Hopes of Tasmania’s Parliament legalising gay marriage were dashed recently when the upper house voted down the bill. Members whose votes were crucial in defeating the Same-Sex Marriage Bill said they voted against the bill because of constitutional concerns, in particular that the bill would probably be defeated in the High Court at great cost to the state.
But what information did they rely on to arrive at this conclusion?
I’ve written previously about how serial anti-gay campaigner (and ex-Liberal Senator) Guy Barnett lobbied upper house members against the bill because “marriage is a federal issue”, even though he had previously suggested it was possible for states to enact same-sex marriage laws. But what seemed to carry the most weight with upper house members was the most shallow and prejudiced “legal advice” of all.
Only two working days before debate on the Same-Sex Marriage Bill was due to begin, MLCs were hit by a “legal opinion” from former Supreme Court chief justice and former state governor, William Cox. Cox declared: “On the face of it, the present Bill is clearly inconsistent with the Federal Marriage Act.” He then went on to label as “specious” the view of professor George Williams that the Tasmanian bill was constitutionally valid.
That’s a bold attack on the man who wrote the textbook on the constitution, and you’d expect some reasoning to back it up. But there was none. Cox failed to provide any legal argumentation for his attack. Instead, he moved straight on to decry the rather obvious fact that Tasmanian same-sex marriages wouldn’t be recognised in other states (at least not yet).
As if that wasn’t bad enough, Cox showed his ignorance of the law by declaring that same-sex marriage would lead to same-sex surrogacy and adoption. Same-sex surrogacy was passed the week before the marriage debate, and same-sex step-parent adoption has been legal in Tasmania since 2003.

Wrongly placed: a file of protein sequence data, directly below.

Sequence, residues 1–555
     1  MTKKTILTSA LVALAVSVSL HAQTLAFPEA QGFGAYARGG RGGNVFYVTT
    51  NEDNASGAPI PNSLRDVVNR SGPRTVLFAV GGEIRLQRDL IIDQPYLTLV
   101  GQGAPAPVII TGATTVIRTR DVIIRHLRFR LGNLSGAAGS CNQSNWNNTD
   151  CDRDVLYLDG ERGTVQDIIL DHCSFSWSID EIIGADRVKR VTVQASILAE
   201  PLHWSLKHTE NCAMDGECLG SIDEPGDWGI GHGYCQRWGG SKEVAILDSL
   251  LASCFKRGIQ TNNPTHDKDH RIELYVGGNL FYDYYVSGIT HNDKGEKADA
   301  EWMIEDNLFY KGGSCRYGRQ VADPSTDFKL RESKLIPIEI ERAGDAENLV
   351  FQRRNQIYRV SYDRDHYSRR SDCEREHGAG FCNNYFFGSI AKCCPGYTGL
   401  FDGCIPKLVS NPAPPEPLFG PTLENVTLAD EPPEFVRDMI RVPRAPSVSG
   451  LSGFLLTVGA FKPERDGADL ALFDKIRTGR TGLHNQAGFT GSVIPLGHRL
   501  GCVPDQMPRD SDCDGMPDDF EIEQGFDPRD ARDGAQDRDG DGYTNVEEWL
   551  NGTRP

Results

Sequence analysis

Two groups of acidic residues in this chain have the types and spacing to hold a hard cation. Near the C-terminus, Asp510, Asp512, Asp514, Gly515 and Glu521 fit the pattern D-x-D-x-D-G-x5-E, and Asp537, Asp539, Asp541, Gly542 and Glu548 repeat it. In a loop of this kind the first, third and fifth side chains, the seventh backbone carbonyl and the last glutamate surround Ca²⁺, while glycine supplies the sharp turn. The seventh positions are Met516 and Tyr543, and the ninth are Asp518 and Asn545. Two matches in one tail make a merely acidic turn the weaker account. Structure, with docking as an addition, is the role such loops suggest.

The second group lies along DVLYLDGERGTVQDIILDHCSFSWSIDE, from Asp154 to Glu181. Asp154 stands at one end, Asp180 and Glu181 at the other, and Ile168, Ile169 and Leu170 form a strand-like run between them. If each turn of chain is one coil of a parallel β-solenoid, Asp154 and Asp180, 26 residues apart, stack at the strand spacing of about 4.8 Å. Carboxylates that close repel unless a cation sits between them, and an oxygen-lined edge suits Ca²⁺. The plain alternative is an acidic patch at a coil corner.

But worst of all was Cox’s obvious prejudice against same-sex relationships. He declared there is a risk many children of same-sex parents would not be well-adjusted and happy, and that there would be “a stolen generation” of children raised by same-sex couples. He hypothesised that same-sex marriages would lead to polygamy and polyandry.
This wasn’t a carefully considered legal opinion from a knowledgeable legal expert. It appeared more like a homophobic diatribe from an out-of-touch old man.
Ruth Forrest, a strong supporter of the bill, has tabled a motion for an inquiry into the legal and constitutional issues raised by the Same-Sex Marriage Bill. Given what legal nonsense was peddled to upper house members, it makes good sense to have a proper inquiry where the merits of the arguments can be weighed up.
If upper house members were sincere when they said they voted down the bill on constitutional grounds they will support the motion.
If they vote the motion down too, it will because they were simply using the constitutional issues to hide their prejudices, and because they don’t want the public to know they were gullible enough to swallow a very large pile of bulldust.
*This story was first published on Tasmanian Times